Wednesday, January 21, 2004

Pirates, Stereo, Mad Cows, and The Power of Words

In a time before personal computers and AIDS, I was told to come in after class by my English teacher in high school. She wanted to talk to me about some words I had used in class. These didn't include the F word, the S word, or any on George Carlin's list. They included pissed (as in "pissed off") and bitch (as in "bitched out").

She was probably in her forties, and probably considered herself hip to these kids, but was undoubtedly raised in a time when there was little wiggle room in school on the concept of "proper" language. She wanted me to say "ticked off" instead of "pissed off", and my concept was that words were free and shouldn't be constrained, while I pointed out that I kept myself from using the F word and the S word in school, because I was smart enough to know the rules and consequences on cursing. I considered her attitude prissy and closed, but I made the choice to follow the herd...

The media in general (I'm not demonizing the media, but I probably will be throwing the good in with the bad, in this case),

is using some words that are just plain wrong. They are taking the easy way out, not thinking this through, and probably in some cases (I'm not singling out Fox News) choosing words to sensationalize a concept.


Pirates. To pirate something was to steal something, derive income from it, and deprive income from it to the previous owner.

People who pirated were called pirates. The word pirate is from
Middle English (from Old French, from Latin prta, from Greek peirts, from peirn), to attempt, from peira, trial. It's generally accepted that the term was applied to criminals-at-sea because to live, they would attempt or try anything, presumably anything out of the accepted ethical and moral ways to live their lives. Current usage of pirate for someone who trades a file on the internet came by way of pirate radio stations, famously operating from waters off British shores, that didn't submit to government fees and regulations; pirate was a cute way to refer to these stations. These stations made no profit, but played music that the BBC wouldn't play, and besides infringing on legally assigned radio frequencies, caused little trouble.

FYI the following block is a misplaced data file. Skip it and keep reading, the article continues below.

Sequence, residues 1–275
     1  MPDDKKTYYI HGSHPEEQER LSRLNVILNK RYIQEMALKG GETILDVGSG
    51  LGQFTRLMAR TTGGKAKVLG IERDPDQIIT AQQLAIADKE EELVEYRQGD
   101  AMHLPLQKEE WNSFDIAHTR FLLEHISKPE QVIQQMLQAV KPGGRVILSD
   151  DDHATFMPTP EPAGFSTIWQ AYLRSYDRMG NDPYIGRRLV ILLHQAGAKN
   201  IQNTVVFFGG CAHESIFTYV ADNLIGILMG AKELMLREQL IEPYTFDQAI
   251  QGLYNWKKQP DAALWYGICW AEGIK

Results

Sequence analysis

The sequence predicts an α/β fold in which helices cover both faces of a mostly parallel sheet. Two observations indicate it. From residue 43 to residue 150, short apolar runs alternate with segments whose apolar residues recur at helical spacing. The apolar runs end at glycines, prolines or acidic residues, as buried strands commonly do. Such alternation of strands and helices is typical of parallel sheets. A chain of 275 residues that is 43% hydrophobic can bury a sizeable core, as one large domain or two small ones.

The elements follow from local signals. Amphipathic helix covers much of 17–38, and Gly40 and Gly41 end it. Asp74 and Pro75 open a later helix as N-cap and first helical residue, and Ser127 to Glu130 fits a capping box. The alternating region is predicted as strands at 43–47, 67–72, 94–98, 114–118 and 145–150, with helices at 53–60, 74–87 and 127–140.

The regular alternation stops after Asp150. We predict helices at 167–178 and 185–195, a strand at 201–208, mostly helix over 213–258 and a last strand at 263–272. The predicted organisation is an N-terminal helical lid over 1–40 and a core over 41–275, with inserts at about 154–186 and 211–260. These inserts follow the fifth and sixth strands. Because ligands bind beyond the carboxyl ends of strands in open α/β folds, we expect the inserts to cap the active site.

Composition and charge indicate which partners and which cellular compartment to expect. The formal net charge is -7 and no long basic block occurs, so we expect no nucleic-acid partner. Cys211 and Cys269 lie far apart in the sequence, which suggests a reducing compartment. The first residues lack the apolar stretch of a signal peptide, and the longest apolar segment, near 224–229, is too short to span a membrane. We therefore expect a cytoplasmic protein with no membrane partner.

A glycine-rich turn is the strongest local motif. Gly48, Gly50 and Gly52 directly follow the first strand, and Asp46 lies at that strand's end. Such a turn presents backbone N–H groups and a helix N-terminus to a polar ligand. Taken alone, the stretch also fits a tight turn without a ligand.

Now, people who have an MP3 image of a music recording on their hard drive are called pirates. Where's the profit to this sharer? Where's the deprivation of potential profit or deprivation of use for the owner (let's assume that the potential marketing value of this availability is at least equal to the potential for loss). People selling mixtapes or bootlegging copies of other peoples' property to sell at flea markets or on the streets of Shanghai are certainly pirates. To call these people pirates provides the media with a way to stir peoples' emotions and give their audience a hook to remember this attractive issue from one relevant story to the next. To call them infringers (if this file sitting on their hard drive is indeed a copy of the copyright holder's intellectual property, or if this file is indeed a performance, both of which would be an infringement of the copyright holder's exclusive rights), would be more accurate wouldn't be as sexy. To call them file traders would be even less sexy, but if the file is sitting on their hard drive, are they even trading it?


The definition of Stereo: A combining form meaning solid, hard, firm, as in stereochemistry, stereography.

Origin: Gr. Stereos solid. See Stare to gaze. From the Greek "stereos" meaning "solid" - having three dimensions.

Two-channel, 5.1, 10.2, etc., are all examples of stereo audio. Our purpose and intent is to present music and sounds so that they appear as a solid audio image to the listener. Two channels have been in common use for half a century, but this limitation to two speaker was chosen mostly for marketing reasons: the consumer audio companies recognized the appeal of stereo sound, but chose to believe that people would only be willing to accept the addition of one other speaker (and amplifier channel) in their living rooms. Stereo sound had first been presented, in theaters, using three channels across the front. The three-channel stereo approach persisted in theater settings and in professional music production, and is thankfully finding its way to homes.

Six-speaker (or more) systems will of course never be accepted or applicable in every listening situation, but peoples' willingness to install these speaker systems in their homes for movie presentations has shown that there is a substantial market for music presented in better stereo than two channels can provide.

It's time to take back the word "stereo" and apply it any time a solid sonic-image presentation is desired, and not limit this word's usage to two-channel.


Mad Cow! The chance of getting Mad Cow disease is less than being struck by lightning six thousand times in your life. The media, needing something to talk about and again to hook people into coming back for more thrills tomorrow (same bat time, same bat channel), call this bug Mad Cow instead of BSE, the abbreviation of the real name of the disease. People get rabies every year and die; people put things up their rear end and die, yet nobody gets Mad Cow, and we could choose to completely avoid the issue by not eating beef if we wanted, and we still hear stories about Mad Cow every day.

The power of words ebbs and flows. Whether it is with great thought or casual indifference, the words we choose affect the impact and clear communication of our ideas. When we speak of the presentation of ideas we have to care to choose our words wisely. It is unwise in the popular media to choose inflammatory words which distort the impact of the described condition.

My high school English teacher should be proud of how I observe the power of words, and their effect on us.